Teck and partners launching Copper & Health hospital study in Chile

Share this article

Teck Resources Limited [TSX-TECK.A, TECK.B; NYSE-TECK] announced that it is expanding its Copper and Health program to Chile, partnering with leading national health professionals and academics on a pilot project at the Iquique Hospital.

Researchers from Universidad del Desarrollo (UDD) and Núcleo Milenio MICROB-R, with funding from Teck, will conduct a study of copper surfaces and textiles to assess copper’s ability to decrease the incidence of in-hospital infections.

Copper alloy surfaces are naturally antimicrobial with self-sanitizing properties, with research showing that these surfaces eliminate up to 99.9% of harmful bacteria and viruses that cause infection, including bacteria with high antibiotic resistance. Additionally, copper is safe for people and the environment, and is the only solid metal contact surface registered as a public health product by Health Canada and the US Environmental Protection Agency.

“It is an honour for Teck to launch our Copper & Health program now in Chile, partnering with leading national health professionals and academics in this first research at the Iquique Hospital, which will increase understanding of the efficacy of copper and its antimicrobial characteristics helping to reduce in-hospital infections in our country,” said Amparo Cornejo, Vice President of Sustainability and Corporate Affairs, Teck Chile.

The research will be carried out at the Regional Hospital of Iquique, with results expected in the second half of 2021.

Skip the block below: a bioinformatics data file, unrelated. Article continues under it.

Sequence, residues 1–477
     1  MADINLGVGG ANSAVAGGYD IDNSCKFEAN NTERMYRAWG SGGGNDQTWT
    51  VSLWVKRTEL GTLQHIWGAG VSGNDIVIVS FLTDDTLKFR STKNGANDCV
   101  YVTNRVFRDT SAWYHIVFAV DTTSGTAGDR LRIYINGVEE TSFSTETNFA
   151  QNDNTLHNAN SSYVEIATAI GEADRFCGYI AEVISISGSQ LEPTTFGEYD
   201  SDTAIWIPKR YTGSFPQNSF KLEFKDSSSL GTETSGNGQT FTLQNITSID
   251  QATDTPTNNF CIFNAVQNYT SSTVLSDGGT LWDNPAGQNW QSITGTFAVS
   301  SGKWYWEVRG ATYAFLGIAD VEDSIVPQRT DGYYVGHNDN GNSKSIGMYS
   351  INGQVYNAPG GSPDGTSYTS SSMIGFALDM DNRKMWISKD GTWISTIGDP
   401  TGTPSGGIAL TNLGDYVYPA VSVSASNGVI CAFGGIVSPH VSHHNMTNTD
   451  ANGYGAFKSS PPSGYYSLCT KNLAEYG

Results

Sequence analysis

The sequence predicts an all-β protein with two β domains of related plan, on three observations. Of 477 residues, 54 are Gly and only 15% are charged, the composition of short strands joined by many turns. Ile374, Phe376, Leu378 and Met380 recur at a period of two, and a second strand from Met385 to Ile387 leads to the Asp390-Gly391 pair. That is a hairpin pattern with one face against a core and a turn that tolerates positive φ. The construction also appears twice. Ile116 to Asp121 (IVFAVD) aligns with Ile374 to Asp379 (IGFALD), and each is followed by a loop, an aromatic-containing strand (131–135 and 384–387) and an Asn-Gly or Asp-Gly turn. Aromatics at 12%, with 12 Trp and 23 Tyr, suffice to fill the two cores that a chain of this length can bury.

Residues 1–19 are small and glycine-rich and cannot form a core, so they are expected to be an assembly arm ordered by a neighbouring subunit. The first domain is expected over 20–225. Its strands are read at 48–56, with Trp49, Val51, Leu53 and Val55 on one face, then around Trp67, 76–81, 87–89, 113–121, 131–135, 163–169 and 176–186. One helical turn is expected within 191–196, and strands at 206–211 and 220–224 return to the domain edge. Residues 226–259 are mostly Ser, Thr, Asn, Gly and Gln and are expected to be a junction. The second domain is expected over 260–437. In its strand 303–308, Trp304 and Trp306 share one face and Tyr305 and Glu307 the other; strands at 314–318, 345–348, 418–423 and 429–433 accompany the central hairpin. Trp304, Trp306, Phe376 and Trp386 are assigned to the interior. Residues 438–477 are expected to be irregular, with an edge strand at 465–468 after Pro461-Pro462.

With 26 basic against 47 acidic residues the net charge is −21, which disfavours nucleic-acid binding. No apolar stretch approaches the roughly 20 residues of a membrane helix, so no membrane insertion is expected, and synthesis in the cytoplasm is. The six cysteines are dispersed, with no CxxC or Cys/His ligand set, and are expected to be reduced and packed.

Through its Copper & Health program, Teck is working with partners across Canada and beyond to increase the use of copper-infused surfaces in healthcare and public spaces to reduce the spread of infections. When installed on high touch surfaces, copper is a proven killer of bacteria and viruses, reducing the spread of infection and improving health outcomes. There is no commercial benefit to Teck from the increased use of antimicrobial copper as the amount of metal needed is very small; the goal of the program is to improve health and safety for communities.

Share this article

Leave a Reply

Your email address will not be published. Required fields are marked *

Don't miss the


Exclusive editorial

Breaking News

Quality Company Coverage

Expert Writers

You have successfully subscribed to the newsletter

There was an error while trying to send your request. Please try again.

Resource World Magazine will use the information you provide on this form to be in touch with you and to provide updates and marketing.